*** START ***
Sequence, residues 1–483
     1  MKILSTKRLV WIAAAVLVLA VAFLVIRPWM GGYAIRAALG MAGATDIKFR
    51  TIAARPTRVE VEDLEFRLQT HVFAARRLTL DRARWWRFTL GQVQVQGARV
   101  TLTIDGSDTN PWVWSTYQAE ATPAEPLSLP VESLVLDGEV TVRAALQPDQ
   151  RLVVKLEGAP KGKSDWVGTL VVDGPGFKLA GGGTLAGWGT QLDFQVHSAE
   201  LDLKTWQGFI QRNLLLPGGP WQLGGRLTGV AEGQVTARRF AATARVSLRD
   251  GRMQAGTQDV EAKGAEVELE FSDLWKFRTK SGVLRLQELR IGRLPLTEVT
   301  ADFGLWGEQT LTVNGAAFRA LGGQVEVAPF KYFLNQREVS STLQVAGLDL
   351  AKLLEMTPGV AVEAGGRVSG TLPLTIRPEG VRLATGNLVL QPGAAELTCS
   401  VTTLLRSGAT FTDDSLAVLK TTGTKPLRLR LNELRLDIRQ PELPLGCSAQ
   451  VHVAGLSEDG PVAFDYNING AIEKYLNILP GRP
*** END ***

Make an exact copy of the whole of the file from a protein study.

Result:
Sequence, residues 1–483
     1  MKILSTKRLV WIAAAVLVLA VAFLVIRPWM GGYAIRAALG MAGATDIKFR
    51  TIAARPTRVE VEDLEFRLQT HVFAARRLTL DRARWWRFTL GQVQVQGARV
   101  TLTIDGSDTN PWVWSTYQAE ATPAEPLSLP VESLVLDGEV TVRAALQPDQ
   151  RLVVKLEGAP KGKSDWVGTL VVDGPGFKLA GGGTLAGWGT QLDFQVHSAE
   201  LDLKTWQGFI QRNLLLPGGP WQLGGRLTGV AEGQVTARRF AATARVSLRD
   251  GRMQAGTQDV EAKGAEVELE FSDLWKFRTK SGVLRLQELR IGRLPLTEVT
   301  ADFGLWGEQT LTVNGAAFRA LGGQVEVAPF KYFLNQREVS STLQVAGLDL
   351  AKLLEMTPGV AVEAGGRVSG TLPLTIRPEG VRLATGNLVL QPGAAELTCS
   401  VTTLLRSGAT FTDDSLAVLK TTGTKPLRLR LNELRLDIRQ PELPLGCSAQ
   451  VHVAGLSEDG PVAFDYNING AIEKYLNILP GRP